What galaxies are

Have you been invited to an astronomical dinner, and you don’t want to come hempty-handed? Here we have the perfect recipe for you!
Let’s take at least 100 billions of stars and all the interstellar gas as much as you like. Then add enough interstellar dust and dark matter. Cook your mixture at least at 1032 K and do not forget the fundamental ingredient: the gravity! Let’s make all cold for a billion of years and… voilà! You will have a new galaxy, ready to be waited on!
It seems easy to create a new galaxy, but really we did not know what a galaxy was, until a very few time ago. In the past, we didn’t have powerful observation instruments as today, so galaxies seemed small regions, placed everywhere in the skies and featured by a bright vagueness, called, exactly, nebulas.
Until the Twenties of the last century, scientists supposed that these nebulas were parts of our galaxy, whose real dimensions were still misterious. In 1924, astronomer Edwin Hubble, thanks to one of the most powerful telescope of his time, had been able to see some regions of the nebula of Andromeda, confirming that it was a single galaxy, external to ours. Already around 1929, Hubble discovered 18 galaxies, each one containing billions of stars. But are all these galaxies equal?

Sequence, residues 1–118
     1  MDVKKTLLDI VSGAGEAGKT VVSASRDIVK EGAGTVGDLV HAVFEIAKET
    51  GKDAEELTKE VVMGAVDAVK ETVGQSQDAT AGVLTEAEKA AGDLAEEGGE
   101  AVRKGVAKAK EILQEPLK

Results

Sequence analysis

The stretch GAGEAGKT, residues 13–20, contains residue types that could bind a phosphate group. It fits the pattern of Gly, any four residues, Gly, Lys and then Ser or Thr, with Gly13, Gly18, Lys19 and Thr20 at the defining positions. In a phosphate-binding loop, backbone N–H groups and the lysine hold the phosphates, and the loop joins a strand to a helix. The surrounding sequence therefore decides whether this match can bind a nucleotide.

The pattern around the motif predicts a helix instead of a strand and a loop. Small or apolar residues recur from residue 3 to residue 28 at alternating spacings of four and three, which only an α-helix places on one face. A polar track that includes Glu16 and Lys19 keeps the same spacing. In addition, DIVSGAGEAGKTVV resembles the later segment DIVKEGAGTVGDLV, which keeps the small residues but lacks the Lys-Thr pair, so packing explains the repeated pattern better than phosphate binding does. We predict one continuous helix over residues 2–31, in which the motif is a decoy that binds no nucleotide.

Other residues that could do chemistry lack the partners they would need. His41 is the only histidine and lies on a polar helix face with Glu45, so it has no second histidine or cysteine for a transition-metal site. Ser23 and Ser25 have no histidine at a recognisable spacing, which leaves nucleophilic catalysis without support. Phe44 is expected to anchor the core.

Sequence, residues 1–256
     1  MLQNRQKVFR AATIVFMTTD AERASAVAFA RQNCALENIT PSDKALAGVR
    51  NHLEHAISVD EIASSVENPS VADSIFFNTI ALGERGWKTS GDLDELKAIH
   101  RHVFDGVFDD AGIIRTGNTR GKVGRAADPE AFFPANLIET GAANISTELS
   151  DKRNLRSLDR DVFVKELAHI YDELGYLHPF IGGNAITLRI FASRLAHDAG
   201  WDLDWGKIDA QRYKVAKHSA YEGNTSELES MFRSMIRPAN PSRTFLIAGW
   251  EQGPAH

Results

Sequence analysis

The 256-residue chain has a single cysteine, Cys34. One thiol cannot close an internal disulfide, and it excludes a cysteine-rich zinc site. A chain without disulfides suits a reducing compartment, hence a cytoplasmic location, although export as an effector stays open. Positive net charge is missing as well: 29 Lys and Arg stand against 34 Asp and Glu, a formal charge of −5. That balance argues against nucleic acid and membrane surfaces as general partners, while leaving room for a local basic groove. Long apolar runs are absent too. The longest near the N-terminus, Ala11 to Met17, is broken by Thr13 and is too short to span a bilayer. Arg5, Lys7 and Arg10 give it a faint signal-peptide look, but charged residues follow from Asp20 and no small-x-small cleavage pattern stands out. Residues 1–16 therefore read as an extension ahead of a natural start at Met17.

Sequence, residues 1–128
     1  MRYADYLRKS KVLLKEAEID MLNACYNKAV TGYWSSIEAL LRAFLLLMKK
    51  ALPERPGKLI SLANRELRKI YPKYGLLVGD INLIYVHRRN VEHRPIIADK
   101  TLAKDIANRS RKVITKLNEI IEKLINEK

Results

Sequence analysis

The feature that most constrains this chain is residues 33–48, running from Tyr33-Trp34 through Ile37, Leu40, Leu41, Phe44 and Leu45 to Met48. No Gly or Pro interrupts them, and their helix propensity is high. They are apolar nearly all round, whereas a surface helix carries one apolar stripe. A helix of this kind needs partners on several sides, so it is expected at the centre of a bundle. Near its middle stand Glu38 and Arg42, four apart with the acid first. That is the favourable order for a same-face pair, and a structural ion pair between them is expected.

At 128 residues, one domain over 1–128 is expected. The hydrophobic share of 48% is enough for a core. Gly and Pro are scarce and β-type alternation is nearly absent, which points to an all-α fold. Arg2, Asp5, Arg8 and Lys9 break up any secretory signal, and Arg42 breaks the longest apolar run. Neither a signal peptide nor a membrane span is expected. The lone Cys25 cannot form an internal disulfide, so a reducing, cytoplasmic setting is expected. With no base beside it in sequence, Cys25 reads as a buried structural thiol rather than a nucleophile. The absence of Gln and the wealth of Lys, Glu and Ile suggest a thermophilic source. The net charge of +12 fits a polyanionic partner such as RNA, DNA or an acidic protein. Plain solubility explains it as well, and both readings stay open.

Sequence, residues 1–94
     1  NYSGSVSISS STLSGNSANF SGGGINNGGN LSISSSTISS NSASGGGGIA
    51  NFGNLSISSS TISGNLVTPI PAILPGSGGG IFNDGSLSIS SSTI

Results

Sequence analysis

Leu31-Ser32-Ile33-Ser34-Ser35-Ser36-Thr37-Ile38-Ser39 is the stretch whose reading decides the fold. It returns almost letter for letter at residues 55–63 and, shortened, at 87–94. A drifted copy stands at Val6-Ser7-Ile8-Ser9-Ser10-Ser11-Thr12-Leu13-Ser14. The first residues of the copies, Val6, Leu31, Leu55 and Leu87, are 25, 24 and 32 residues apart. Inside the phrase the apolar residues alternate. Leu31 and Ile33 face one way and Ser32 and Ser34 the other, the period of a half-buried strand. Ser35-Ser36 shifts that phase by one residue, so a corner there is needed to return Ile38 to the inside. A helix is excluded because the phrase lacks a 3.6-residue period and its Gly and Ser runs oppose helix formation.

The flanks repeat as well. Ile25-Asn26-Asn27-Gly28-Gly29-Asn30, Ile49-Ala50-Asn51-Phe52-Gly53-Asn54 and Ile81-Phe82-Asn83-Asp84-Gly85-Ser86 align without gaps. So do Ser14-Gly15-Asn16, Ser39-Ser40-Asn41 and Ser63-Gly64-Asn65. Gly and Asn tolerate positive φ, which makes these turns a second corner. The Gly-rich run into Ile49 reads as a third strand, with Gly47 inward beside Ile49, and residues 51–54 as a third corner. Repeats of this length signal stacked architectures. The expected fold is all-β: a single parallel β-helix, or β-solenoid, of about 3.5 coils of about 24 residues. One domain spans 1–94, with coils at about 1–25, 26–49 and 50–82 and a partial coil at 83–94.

Special reports

From the Multimedia section

  • space

    Virgo cluster

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    space

    The Hercules Globular Cluster (M13)

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    space

    Mice Galaxies

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  • space

    The Pleiades

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    space

    Quasar

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    space

    Cosmic radiation

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  • space

    Recession velocity and distance

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    space

    Black hole

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    space

    The flux of cosmic ray particles

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  • space

    Virgo cluster

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  • space

    The Hercules Globular Cluster (M13)

    Look
  • space

    Mice Galaxies

    Look

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